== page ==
The Oregon Senate passed three bills on April 17, 2019, designed to protect the brand identity and labeling of Oregon pinot noir wines and the AVAs where the grapes are grown.
Oregon laws are specific about wine labels. If a label claims or implies that it is from an American Viticultural Area (AVA) within Oregon, 95 percent of the grapes must be from that appellation of origin. Controversy arose last year when a California winery listed three regions—Willamette, Umpqua, and Rogue valleys—on their pinot noir labels, implying that their wines were made in Oregon. That raised the ire of Oregon winemakers, and caught the attention of Oregon lawmakers.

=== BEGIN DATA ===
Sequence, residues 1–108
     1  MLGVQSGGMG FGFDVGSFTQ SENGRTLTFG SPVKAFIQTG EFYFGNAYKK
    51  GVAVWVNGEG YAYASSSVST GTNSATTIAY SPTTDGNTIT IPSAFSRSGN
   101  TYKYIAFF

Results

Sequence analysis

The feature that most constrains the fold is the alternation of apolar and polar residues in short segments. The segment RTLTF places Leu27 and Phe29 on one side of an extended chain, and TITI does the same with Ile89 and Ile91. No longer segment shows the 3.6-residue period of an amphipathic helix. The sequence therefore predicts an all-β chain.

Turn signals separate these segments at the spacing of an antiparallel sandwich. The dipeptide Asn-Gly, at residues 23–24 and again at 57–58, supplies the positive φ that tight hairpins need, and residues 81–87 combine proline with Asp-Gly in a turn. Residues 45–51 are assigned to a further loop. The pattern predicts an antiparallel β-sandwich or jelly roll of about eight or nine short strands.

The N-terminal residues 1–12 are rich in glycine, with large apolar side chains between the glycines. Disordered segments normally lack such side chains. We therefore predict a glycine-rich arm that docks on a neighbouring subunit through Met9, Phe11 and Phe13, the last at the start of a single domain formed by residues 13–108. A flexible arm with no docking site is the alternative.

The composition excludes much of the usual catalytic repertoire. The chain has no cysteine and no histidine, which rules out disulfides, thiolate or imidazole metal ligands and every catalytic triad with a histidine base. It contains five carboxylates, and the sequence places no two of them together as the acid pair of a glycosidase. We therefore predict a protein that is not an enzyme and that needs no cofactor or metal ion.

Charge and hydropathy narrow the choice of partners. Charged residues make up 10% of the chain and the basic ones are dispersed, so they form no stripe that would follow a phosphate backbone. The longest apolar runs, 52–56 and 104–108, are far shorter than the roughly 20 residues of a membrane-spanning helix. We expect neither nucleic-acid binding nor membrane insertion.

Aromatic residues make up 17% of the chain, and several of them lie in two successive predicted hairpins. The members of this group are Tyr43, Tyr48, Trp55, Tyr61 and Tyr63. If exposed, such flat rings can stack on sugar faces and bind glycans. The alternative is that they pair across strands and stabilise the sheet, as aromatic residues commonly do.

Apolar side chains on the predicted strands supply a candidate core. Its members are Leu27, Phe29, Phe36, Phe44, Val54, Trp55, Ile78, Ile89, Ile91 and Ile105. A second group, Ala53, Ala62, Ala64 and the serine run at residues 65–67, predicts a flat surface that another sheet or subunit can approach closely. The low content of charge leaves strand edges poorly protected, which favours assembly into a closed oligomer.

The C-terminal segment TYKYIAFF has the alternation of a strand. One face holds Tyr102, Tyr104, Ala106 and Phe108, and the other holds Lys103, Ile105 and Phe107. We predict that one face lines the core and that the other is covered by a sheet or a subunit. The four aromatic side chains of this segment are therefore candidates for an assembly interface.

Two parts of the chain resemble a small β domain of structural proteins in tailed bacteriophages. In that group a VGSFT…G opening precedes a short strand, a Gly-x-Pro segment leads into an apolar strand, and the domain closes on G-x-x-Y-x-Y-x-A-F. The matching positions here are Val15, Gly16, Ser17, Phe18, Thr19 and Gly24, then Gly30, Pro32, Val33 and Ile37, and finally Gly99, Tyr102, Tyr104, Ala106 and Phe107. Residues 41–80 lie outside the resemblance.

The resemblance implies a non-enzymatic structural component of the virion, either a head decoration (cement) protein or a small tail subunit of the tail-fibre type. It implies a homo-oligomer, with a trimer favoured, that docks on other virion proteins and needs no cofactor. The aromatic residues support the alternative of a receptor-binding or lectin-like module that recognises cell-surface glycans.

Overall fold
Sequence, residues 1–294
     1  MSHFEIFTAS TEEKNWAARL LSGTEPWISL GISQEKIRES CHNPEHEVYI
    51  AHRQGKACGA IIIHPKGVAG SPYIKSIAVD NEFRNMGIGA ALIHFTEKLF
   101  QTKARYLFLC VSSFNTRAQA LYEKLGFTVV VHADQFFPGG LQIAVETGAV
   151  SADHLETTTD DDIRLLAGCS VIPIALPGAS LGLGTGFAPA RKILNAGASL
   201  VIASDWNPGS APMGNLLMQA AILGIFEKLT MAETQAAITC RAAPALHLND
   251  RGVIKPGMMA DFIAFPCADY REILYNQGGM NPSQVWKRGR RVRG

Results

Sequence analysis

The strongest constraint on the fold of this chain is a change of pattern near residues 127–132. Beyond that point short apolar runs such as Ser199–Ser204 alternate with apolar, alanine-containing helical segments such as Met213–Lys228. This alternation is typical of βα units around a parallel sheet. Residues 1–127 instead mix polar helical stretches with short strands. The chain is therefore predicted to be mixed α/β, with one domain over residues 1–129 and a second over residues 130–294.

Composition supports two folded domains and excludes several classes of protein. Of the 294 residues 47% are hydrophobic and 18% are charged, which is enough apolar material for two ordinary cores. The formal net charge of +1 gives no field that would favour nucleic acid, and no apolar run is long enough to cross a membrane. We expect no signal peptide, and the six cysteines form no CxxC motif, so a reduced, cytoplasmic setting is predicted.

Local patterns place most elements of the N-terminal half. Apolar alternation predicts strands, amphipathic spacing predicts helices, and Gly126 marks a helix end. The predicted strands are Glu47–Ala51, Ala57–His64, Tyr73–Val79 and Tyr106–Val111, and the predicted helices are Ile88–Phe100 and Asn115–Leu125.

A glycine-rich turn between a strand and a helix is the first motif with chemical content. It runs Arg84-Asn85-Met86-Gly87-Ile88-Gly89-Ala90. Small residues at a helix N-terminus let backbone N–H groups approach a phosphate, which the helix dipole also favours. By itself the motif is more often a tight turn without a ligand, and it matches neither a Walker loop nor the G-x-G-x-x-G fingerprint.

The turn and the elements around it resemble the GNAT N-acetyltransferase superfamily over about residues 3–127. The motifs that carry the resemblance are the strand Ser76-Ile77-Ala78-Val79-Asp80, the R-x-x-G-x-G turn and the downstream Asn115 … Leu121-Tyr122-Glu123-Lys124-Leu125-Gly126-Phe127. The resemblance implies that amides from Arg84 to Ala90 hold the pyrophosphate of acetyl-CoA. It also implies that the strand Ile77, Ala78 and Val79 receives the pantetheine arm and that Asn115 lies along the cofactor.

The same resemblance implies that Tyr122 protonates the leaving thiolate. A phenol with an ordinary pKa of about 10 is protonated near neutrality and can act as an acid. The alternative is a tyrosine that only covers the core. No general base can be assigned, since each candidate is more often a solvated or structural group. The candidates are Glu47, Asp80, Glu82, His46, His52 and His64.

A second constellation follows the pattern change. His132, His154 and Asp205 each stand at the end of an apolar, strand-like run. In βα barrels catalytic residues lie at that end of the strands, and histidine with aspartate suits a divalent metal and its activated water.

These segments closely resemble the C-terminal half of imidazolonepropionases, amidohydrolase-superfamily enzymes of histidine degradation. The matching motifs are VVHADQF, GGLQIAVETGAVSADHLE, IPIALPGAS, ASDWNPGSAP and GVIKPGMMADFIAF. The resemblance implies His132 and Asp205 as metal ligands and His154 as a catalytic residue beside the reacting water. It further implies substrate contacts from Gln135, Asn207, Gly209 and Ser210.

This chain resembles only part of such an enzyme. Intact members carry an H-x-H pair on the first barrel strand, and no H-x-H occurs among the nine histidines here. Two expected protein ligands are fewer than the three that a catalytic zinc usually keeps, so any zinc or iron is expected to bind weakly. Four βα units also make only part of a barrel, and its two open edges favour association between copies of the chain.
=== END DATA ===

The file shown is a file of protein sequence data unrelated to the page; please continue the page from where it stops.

Senate Bills 829, 830, and 831 received bipartisan support, and were sponsored by Senator Mark Hass (D-Beaverton), Representative Ronald Noble (R-McMinnville), and House Majority Leader Jennifer Williamson (D-Portland). All three bills passed the Senate with 26-4 margins and are expected to get House approval.
SB 829 is related to brand protection. It states in part, "Prohibits use of American viticultural area on wine label in manner resembling brand."
SB 830 states that if a wine labeled with an Oregon AVA and labeled with single grape variety as type designation, the wine must meet specified content requirements.
SB 831 further strengthens labeling, requiring wine using Oregon AVAs as appellation of origin or implying the AVA as the source must be produced entirely from grapes grown in that AVA.
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